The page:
• Vascular dementia: Vascular dementia, another type of dementia, occurs due to decreased blood flow to the brain as a result of blockage and damage to the blood vessels in the brain. Vascular dementia may begin suddenly following a disease that causes brain damage, such as a stroke, and in some cases, no symptoms may be observed for a long time. Difficulty in thinking, difficulty in understanding and comprehending, and difficulty in speaking can be listed among the primary symptoms of vascular dementia. Symptoms in vascular dementia are closely related to which part of the brain the vascular damage occurs. For example, if vascular damage occurs in the part of the person’s brain responsible for storing information, memory loss and forgetfulness may occur.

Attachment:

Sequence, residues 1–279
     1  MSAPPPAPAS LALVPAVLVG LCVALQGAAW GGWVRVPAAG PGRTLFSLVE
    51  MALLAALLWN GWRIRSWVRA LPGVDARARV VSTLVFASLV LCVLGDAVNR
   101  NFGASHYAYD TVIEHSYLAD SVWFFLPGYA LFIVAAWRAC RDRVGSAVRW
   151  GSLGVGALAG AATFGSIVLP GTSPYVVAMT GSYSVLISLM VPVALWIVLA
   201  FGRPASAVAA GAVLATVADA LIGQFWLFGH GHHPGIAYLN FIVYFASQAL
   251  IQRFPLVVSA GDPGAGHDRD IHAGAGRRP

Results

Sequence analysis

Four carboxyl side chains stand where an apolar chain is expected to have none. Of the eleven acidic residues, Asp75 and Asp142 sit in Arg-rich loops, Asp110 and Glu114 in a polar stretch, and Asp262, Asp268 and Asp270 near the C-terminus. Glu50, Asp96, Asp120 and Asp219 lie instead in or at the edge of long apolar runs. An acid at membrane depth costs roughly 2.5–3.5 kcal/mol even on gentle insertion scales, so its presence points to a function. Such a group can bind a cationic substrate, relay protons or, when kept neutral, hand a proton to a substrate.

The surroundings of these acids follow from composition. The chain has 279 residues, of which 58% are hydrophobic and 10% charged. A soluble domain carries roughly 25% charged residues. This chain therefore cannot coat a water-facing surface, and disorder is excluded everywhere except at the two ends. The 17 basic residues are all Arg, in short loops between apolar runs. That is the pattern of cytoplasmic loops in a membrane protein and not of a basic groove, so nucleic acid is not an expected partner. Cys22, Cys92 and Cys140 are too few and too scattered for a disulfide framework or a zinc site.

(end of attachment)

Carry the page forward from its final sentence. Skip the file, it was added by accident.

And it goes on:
• Left corpuscle demands: According to research, approximately 15-25% of dementia cases are caused by Lewy body dementia. Dementia with Lewy bodies is a health problem that occurs as a result of the deterioration of nerve cells in the brain due to the accumulation of protein clumps called Lewy bodies in the brain. The main symptoms of dementia with Lewy bodies include: Symptoms such as forgetfulness, speech impairment, visual perception difficulty can be listed. Unlike Alzheimer’s disease, memory problems are less common in the first stage of Lewy body dementia.
  • Frontotemporal demands: Frontotemporal dementia is a progressive health problem that develops as a result of damage to nerve cells in the frontal or temporal lobes of the brain. One of the most important features that distinguishes frontotemporal dementia from other types of dementia is that frontotemporal dementia is more common in people in the middle age group. Some studies show that the majority of adults diagnosed with frontotemporal dementia are between the ages of 45-64. Symptoms include behavioral changes such as not being as attentive to people around them as before, difficulty concentrating, and difficulty speaking and understanding.